Friday, April 4, 2014

So, What Happened to Pluto

I actually no clue that Pluto was in trouble or questioned of its size thus got kicked out from the 9 planets of the solar system until I read this at the Carnegie Science Center. originally I learned since grade school that there are 9 Planets in our Solar System namely; Mercury, Venus, Earth, Mars, Jupiter, Saturn, Uranus, Neptune and Pluto (which is now named one of the Dwarf Planet). So, what happened to Pluto?

planet pluto
Astronomers have long debated the status of Pluto. Discovered in 1930 by American Astronomer Clyde Tombaugh, Pluto was originally considered the 9th planet in our solar system. But astronomers have three rules to consider something a planet, and Pluto only fits two of the three:

#1. The object must be in orbit around the Sun, not another or other body. Pluto does this.

#2 To be considered a "planet", the object has to be big enough that gravity pulls in into a roundish shape - like an orange. There are a lot of things in the solar system, like asteroids or the moons of Mars, which have an odd shape, like a potato, because they don't have enough gravity to mold them otherwise. Pluto, like Earth, is mostly round.

#3 An object must be big enough that its gravity removes other objects in the same orbit. They would either be pulled into it, or knocked out of the same orbit. But Pluto orbits in an area filled with other small objects, and does not have enough gravity to clear the area of these other objects. In fact, not only Pluto not large enough to clear its own orbit, its orbital period is actually tied to that of its giant neighbor Neptune.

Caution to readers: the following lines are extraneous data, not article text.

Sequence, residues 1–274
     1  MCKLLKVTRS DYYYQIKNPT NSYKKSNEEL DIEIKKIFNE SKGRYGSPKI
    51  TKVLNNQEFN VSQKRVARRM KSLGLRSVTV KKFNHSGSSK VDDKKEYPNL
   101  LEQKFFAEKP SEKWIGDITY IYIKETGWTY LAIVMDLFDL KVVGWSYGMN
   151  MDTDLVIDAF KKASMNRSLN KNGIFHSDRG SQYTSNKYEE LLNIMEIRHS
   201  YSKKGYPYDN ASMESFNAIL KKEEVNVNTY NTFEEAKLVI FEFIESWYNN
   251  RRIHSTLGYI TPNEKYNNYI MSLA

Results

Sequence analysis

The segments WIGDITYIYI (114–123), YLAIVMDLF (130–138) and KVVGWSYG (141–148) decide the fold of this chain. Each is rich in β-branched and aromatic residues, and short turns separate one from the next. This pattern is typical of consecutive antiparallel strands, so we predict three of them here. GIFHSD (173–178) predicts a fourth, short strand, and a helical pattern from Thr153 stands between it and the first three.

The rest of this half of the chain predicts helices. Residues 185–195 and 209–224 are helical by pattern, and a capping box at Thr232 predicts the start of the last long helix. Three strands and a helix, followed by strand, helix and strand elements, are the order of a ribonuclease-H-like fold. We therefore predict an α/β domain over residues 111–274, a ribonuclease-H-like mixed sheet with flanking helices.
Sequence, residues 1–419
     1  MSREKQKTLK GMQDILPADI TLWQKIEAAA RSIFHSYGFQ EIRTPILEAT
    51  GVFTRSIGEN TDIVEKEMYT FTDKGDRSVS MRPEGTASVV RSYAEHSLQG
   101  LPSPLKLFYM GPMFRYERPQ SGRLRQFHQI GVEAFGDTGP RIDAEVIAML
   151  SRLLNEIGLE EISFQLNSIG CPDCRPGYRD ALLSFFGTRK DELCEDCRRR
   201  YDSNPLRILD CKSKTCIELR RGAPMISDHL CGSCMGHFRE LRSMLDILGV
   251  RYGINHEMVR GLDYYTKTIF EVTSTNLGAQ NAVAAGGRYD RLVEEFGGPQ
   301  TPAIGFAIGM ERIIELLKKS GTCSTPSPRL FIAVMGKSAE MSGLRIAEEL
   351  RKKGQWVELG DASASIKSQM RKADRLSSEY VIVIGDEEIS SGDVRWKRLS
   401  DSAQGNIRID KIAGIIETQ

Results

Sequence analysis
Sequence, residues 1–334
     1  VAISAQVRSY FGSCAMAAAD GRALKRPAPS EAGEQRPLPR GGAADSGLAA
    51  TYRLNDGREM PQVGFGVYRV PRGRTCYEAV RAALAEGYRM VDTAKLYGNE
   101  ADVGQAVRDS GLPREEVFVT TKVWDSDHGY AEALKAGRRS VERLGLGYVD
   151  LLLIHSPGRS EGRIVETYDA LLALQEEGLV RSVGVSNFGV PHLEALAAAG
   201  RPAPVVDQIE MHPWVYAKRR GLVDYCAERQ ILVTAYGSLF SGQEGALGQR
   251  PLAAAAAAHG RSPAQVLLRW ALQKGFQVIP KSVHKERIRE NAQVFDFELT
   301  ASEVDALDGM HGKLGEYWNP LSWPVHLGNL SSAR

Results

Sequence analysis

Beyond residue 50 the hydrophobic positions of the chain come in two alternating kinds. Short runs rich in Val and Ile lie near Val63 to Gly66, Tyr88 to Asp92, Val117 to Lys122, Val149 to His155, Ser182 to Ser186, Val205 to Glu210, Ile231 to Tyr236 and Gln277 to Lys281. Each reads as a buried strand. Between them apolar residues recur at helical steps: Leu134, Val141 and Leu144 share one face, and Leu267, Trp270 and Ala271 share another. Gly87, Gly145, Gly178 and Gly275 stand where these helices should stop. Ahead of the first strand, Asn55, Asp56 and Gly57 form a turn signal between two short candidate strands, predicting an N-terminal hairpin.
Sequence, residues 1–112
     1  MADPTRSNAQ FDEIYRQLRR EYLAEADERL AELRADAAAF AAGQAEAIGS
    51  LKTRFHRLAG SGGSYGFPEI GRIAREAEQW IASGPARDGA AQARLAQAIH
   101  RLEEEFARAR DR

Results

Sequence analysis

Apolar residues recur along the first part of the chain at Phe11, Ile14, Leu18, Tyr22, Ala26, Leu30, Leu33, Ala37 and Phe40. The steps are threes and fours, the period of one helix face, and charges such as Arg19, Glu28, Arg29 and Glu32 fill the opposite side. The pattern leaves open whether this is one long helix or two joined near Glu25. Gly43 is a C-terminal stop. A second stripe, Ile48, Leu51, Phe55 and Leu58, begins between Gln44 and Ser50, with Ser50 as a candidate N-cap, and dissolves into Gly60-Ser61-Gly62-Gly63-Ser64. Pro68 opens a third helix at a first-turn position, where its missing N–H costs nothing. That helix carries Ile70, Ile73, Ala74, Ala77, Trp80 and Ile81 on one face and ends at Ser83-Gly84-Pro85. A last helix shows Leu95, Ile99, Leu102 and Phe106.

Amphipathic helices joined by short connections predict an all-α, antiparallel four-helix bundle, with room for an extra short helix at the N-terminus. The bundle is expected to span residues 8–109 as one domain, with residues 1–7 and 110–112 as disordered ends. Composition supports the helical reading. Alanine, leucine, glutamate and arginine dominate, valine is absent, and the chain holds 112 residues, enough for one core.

In 2006, the International Astronomical Union [the governing body of astronomers having the authority to label and name celestial objects] determined that Pluto should be 'demoted' to dwarf planet status - one of five such bodies known today.

Pluto doesn't seem to mind, and keeps orbiting without complaint.

image from

Discovered in 1930, Pluto was originally classified as the ninth planet from the Sun. However, its status as a major planet fell into question following further study of it and the outer Solar System over the ensuing 75 years. Starting in 1977 with discovery of minor planet 2060 Chiron, numerous icy objects similar to Pluto with eccentric orbits were found. A number of scientists hold that Pluto should have remained classified as a planet, and that other dwarf planets should be added to the roster of planets along with Pluto

Pluto, minor-planet designation 134340 Pluto, is the largest object in the Kuiper belt, and the tenth-most-massive body observed directly orbiting the Sun. It is the second-most-massive known dwarf planet, after Eris. Pluto is composed primarily of rock and ice[14] and is relatively small, approximately one-sixth the mass of the Moon and one-third its volume. In 2015, the Pluto system is due to be visited by spacecraft for the first time. The New Horizons probe will perform a flyby during which it will attempt to take detailed measurements and images of the plutoid and its moons. Read more about Pluto from article


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